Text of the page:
Read the full story at Supply Chain Dive.
Flipkart has eliminated single-use plastic packaging in its fulfillment centers in India, the Walmart-owned e-commerce platform announced last week. It reached its goal while grappling with a surge in online retail demand.
The company achieved this by implementing sustainable alternatives, such as recycled paper bags to replace polythene pouches and swapping shredded carton waste in place of bubble wrap.
Flipkart is now shifting its focus to reducing single-use plastic packaging among its seller partners who fulfill orders directly from their own locations, Hemant Badri, senior vice president and head of supply chain, said in a statement.
Read the full story at edie.
Lidl GB has announced plans to become a carbon-neutral business by 2022 alongside wider commitments to reduce operational emissions and encouraging key suppliers to set their own climate commitments.
Read the full story at Fast Company.
The former vice president’s investment firm has a new report on sustainability trends that shows a huge growth in sustainable investments—but also finds big risks that could hamper continued progress.
Read the full story at Waste360.
Each year about five billion pounds of returned merchandise ends up landfilled, according to goTRG’s data.
The Miami, Fla-based organization is among businesses working to keep these materials in circulation. It recovers and manages returns, distressed inventory, and overstock. And it processes these materials to prepare them for resale (and occasionally for first-time sales).
Read the full story at Smart Cities Dive.
Of the United States’ top 100 companies, only 40% lobby lawmakers at the state and federal level for climate-friendly legislation despite setting lofty sustainability goals, according to a new report.
Seventy-six percent of companies have said publicly they believe in climate science and 92% have said they plan to make their operations greener with sustainability and emissions reduction goals, according to a report released Tuesday by sustainability nonprofit Ceres. Meanwhile, 20 of the companies have lobbied against climate-friendly policies in the last five years, according to Ceres, 17 of which had set emissions reduction targets of their own.
And of those surveyed, 51% see policies and legislation that look to address climate change as a short-term financial risk, even as 74% say they believe climate change will threaten their assets long-term. Ceres said the short-term concerns show that companies are still too focused on the near-term impacts and not on the “systemic impact of climate change.”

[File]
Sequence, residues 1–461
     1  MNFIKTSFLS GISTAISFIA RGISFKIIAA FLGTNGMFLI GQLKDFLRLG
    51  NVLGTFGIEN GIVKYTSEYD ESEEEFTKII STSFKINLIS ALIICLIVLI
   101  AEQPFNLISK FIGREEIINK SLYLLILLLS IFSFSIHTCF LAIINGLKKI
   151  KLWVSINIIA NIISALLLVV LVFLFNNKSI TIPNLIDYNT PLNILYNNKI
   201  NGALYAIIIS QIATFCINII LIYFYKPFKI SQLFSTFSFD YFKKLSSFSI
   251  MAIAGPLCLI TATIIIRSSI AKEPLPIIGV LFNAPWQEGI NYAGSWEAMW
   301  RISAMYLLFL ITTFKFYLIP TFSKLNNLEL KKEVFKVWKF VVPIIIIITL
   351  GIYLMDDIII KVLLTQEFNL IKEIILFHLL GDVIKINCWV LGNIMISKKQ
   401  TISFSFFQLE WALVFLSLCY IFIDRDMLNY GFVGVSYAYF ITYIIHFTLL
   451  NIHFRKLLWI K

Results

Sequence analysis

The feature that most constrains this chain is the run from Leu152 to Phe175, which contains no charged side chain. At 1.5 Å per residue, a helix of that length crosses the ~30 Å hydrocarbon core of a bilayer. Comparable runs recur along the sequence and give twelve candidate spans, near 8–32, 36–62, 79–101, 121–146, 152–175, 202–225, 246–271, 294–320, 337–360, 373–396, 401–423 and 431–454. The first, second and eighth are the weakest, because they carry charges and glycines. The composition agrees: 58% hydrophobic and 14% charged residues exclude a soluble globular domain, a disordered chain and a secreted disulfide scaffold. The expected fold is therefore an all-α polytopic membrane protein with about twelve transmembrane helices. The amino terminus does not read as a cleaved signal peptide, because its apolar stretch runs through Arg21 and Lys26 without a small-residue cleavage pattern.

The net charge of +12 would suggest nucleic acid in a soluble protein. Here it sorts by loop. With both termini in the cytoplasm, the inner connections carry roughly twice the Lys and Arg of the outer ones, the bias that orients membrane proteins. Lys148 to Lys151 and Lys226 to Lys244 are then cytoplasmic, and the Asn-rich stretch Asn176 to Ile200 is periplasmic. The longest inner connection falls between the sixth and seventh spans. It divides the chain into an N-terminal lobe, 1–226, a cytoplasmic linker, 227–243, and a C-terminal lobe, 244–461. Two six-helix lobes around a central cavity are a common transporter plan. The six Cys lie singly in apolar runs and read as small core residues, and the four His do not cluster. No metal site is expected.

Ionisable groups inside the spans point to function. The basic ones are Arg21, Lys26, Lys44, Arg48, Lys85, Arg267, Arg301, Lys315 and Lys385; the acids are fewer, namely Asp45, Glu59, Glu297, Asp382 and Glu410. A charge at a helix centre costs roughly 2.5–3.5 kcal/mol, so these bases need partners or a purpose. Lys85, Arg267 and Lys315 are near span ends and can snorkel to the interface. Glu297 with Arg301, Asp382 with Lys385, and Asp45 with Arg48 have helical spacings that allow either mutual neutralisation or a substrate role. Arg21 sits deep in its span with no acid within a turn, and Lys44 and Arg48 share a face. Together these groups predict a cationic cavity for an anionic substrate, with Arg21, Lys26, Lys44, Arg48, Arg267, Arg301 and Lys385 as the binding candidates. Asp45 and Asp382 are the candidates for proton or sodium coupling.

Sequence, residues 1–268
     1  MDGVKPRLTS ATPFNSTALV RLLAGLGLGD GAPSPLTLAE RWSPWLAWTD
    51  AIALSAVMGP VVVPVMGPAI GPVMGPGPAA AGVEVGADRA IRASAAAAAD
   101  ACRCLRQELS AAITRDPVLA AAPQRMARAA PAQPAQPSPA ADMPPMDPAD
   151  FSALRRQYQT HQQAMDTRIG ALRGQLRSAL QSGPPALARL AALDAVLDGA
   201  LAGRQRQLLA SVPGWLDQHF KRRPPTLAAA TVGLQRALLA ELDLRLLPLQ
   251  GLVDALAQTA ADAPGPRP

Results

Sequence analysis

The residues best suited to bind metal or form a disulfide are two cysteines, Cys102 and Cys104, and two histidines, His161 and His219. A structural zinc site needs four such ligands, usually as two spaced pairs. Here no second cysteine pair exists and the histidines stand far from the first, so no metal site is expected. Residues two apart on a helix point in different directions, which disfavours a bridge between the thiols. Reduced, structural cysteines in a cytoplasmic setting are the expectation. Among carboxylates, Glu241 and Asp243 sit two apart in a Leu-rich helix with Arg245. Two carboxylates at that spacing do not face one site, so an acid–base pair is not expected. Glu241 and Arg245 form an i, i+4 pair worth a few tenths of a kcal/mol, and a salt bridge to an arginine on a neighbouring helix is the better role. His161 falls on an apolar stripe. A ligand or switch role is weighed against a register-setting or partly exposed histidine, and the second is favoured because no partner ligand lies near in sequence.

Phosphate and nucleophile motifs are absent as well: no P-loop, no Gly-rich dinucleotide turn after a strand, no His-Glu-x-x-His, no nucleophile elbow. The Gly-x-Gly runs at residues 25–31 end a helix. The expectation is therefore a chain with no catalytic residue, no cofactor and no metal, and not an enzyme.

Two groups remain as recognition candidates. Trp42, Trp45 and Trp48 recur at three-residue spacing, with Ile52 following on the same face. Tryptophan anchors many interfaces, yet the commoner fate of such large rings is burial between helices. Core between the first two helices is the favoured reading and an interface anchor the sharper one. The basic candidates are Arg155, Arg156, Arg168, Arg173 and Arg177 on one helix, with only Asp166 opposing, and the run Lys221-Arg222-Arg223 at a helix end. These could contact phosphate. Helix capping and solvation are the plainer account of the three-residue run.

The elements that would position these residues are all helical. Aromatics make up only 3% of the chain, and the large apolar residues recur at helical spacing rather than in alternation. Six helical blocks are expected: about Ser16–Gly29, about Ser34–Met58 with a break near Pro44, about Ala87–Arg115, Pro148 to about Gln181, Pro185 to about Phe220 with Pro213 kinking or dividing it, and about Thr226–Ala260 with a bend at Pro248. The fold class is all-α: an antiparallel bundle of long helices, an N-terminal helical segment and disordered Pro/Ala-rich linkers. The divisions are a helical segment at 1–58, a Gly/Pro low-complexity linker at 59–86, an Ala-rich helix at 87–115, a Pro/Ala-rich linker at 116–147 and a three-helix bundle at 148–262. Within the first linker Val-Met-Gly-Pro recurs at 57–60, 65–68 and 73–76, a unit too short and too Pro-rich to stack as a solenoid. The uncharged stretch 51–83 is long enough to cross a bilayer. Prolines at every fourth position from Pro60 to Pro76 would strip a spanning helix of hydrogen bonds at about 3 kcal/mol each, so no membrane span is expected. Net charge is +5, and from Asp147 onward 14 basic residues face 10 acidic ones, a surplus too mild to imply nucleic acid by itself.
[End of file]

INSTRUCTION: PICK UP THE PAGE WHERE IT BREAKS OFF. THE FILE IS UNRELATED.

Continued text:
The MSCI Net-Zero Tracker indicates the collective progress of publicly listed companies in the MSCI ACWI Investable Market Index (IMI) (which covers 9,300 listed companies, representing 99% of the global equity universe) in keeping global warming well below 2°C. It also highlights the largest listed companies with improved climate disclosures, as well as those that lag. It offers investors, companies, financial intermediaries and policymakers an objective gauge of the contribution by the world’s public companies to total carbon emissions and their progress toward a net-zero economy.
Read the full story at Progressive Grocer.
How innovative products and processes and changed conversations with retailers are helping one of the world’s largest CPG companies change the world.
Read the full story in ESG Today.
Moody’s ESG Solutions announced today the launch of ESG Score Predictor, a new tool aimed at enabling real time ESG assessments for small and medium-sized enterprises (SMEs), and monitoring risk across global supply chains.
Read the full story at GreenBiz.
As a global beverage company that relies on water, protecting the healthy biodiverse environment that nurtures water has been at the center of Suntory’s work over the past several decades. The company has worked to preserve the resources that enable our business to thrive. For corporations unsure where to begin on their biodiversity events, here are some guiding tips based on our experience of preserving forests and water, managing bird habitat and communicating our biodiversity efforts.
Read the full story at GreenBiz.
More people than ever before are speaking out on behalf of the planet — not just with their voices and votes, but with their wallets as well. The individual consumer decisions that each of us makes, from the car we drive to the food we eat, may be mere drops in the bucket when it comes to solving the biggest ecological challenges, but together they add up to a groundswell of support for change — one that leaders from all sectors of society would be wise to embrace.